Right. They have to reposition the ships. For the TATL leg they usually sell tickets. The only time they don't is when sometimes they use a transoceanic leg for interior refurbishment, which they did with Oasis of the Seas.

Cruise ships are not *designed* for rough seas, but they are designed to survive them.
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OA260
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RE: Do Cruise Ships Avoid Severe Weather?

Sat Sep 12, 2015 10:47 am

Quoting DocLightning (Reply 20):
Right. They have to reposition the ships. For the TATL leg they usually sell tickets. The only time they don't is when sometimes they use a transoceanic leg for interior refurbishment, which they did with Oasis of the Seas.

They used to be really cheap. Something like $400-600 for a TATL repositioning. In recent years they have become really popular in their own right and prices have soared. Its a great holiday and those sea days are wonderful.
 
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RE: Do Cruise Ships Avoid Severe Weather?

Sat Sep 12, 2015 11:18 am

Quoting Dreadnought (Reply 3):
As I can recall, the only ship recently built to ocean liner standards is the Queen Mary 2.
Quoting DocLightning (Reply 4):
Correct. While a cruise ship could survive a hurricane, it would cause severe damage the ship and injuries to passengers.
Now, that said, the captain of QM2 is not going to take her through a hurricane, either. But she's certainly designed to handle much worse weather while maintaining speed and comfort than cruise ships are.

True. I have experienced moderate storms, Beaufort 7-8 on board QM2, and Beaufort 8 on her forerunner QE2, both in the Bay of Biskay. While a bit shaky, it wasnt bad enough to spoil my appetite, and big Mary behaved particularly well. I am quite sensible to seasickness, once spending three days in a cabin on a smaller, less stable, normal cruise ship, in less stormy conditions.
 
johns624
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RE: Do Cruise Ships Avoid Severe Weather?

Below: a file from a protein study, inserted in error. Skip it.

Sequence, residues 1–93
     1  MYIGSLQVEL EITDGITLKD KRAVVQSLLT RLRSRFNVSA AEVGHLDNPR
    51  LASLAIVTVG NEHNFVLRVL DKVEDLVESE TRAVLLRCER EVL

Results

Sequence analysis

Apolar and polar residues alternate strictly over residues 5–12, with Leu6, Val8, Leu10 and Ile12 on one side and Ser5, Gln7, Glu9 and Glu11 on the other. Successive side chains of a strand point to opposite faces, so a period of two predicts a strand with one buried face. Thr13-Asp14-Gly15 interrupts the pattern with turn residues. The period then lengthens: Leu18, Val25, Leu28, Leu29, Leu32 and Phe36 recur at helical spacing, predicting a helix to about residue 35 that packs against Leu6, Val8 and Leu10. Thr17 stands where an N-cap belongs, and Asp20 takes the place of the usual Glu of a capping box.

Sun Sep 13, 2015 1:48 am

Quoting StarAC17 (Reply 10):
With cruises the ship itself is often the destination and not the ports of call

Maybe on Caribbean cruises, but not on the three that I've been on. I've done Alaska, the Baltic and Norway. The ports are what's important, not the partying.
 
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TheRedBaron
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RE: Do Cruise Ships Avoid Severe Weather?

Sun Sep 13, 2015 3:10 am

https://www.youtube.com/watch?v=oUAUxxafZG4

Cruise ships are really bad in rough seas or high wind seas...

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bananaboy
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RE: Do Cruise Ships Avoid Severe Weather?

Mon Sep 14, 2015 6:22 am

Absolutely they avoid bad weather. It's very much a team effort between shoreside and ship teams. The Captain will obviously have ultimate responsibility for safety of passengers and crew but the shoreside teams will be working to plan an alternate itinerary that will have berthing available, opportunities for guests to do shore activities, is suitable for the safe operation of the ship etc etc

It feels like is been a busy year so far for itinerary changes. Some weeks we have had 4 ships where new itineraries have been planned and released to guests. A couple of times, the path of the storm has subsequently changed and itinerary has then reverted back to that originally planned.   . Have seen quite a few changes this year related to Hawaii - feels like more than usual.

I suppose this is major benefit of a cruise..if you're in a hotel, can't exactly get out of the way.